Starting Sept. 1, some Texas abortion facilities stopped performing even pre-heartbeat abortions for a time. Many of the clients those centers turned away showed up at the state’s pregnancy centers. One of Pinson’s pregnancy centers saw a nearly 100 percent increase in services the first week of the law as compared to the same time the year before. Two centers in Houston normally perform 100 ultrasounds in two weeks, but just between Aug. 30 and Sept. 4, they performed a total of 96 ultrasounds. A report in October estimated that the law had cut the number of Texas abortions in half. Pro-life nurses who performed ultrasounds reported seeing women respond with relief at seeing a heartbeat since it meant friends and family could no longer pressure them to abort.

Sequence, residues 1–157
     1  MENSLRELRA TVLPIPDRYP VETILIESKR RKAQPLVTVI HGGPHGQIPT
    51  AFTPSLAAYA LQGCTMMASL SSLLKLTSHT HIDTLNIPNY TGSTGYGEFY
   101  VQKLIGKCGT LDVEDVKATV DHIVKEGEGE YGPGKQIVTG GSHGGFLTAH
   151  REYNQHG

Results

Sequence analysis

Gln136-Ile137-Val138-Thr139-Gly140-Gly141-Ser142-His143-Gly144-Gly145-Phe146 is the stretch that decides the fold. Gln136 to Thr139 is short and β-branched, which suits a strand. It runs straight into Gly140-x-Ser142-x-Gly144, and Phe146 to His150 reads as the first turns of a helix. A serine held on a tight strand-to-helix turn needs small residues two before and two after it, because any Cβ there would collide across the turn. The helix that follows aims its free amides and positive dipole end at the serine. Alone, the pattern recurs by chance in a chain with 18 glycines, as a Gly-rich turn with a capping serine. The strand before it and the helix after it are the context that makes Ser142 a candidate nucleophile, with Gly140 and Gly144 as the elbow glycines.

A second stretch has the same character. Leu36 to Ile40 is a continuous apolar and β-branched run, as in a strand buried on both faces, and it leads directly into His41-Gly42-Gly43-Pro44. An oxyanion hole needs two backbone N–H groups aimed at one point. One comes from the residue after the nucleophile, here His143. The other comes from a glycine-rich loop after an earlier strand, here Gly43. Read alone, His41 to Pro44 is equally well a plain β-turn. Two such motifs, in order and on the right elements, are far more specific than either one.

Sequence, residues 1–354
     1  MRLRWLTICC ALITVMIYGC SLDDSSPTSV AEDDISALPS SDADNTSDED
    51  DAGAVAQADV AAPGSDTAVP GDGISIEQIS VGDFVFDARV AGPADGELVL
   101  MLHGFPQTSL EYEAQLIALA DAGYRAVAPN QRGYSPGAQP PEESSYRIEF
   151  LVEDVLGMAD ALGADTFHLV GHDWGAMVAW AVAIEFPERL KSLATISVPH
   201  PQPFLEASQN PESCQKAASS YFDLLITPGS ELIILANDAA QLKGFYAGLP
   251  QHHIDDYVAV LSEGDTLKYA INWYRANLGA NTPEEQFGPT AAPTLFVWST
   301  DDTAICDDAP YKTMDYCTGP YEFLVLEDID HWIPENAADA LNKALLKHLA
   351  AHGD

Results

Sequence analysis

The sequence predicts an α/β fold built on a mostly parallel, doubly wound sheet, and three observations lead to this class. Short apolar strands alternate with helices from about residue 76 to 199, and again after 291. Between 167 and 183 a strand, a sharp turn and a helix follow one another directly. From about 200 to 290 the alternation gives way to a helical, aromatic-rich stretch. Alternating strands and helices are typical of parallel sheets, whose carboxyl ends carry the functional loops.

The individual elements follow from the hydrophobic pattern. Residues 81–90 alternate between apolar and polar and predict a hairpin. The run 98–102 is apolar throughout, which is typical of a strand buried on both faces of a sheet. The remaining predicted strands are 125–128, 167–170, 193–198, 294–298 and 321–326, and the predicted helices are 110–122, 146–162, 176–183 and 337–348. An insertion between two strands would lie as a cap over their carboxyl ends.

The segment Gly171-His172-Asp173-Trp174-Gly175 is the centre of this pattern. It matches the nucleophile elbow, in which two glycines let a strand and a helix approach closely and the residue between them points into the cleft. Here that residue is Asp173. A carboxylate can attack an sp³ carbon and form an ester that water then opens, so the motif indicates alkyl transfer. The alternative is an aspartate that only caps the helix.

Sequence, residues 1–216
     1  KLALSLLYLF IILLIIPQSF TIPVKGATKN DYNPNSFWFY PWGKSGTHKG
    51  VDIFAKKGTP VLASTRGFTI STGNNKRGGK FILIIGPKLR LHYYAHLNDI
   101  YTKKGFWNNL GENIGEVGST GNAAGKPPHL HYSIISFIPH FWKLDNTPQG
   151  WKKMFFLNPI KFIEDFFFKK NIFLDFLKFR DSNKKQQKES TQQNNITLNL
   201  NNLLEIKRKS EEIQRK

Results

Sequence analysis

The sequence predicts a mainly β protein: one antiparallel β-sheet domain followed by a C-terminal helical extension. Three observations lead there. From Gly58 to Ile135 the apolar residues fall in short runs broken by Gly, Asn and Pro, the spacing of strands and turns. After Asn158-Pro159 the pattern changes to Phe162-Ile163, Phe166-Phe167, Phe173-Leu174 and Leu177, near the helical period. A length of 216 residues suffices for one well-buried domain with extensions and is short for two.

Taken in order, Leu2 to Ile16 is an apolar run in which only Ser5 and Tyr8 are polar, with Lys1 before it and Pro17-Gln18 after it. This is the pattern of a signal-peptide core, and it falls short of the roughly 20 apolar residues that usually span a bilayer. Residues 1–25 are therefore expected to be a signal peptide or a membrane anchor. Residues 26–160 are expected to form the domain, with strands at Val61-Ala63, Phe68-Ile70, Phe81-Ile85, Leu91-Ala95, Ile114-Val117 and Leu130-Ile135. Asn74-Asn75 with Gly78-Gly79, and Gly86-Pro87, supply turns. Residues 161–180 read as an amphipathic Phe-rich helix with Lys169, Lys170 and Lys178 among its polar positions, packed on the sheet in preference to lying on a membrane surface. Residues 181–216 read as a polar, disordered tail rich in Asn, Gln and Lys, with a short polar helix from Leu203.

“It’s amazing that it actually has happened,” said one pregnancy center director, who told me in September that she wakes up crying because she’s so happy about the new law. “For this season, the fact that abortion is illegal after a heartbeat is detected is something I don’t know that I ever thought I’d see in my lifetime, and it’s just—it’s beautiful.”
But not all pro-lifers expressed such unequivocal praise for the law.
When pro-life attorney Paul Linton, special counsel for Texas Alliance for Life, found out that the heartbeat bill’s main architect, Jonathan Mitchell, was encouraging other state legislators to pass similar legislation, he warned his contacts in those states not to pursue it. He posited that the law could antagonize the Supreme Court in the meantime by dishonoring their past precedent. Other pro-lifers expressed concerns that the private enforcement mechanism could encourage liberal states to restrict rights that matter to pro-lifers, such as praying outside of abortion facilities.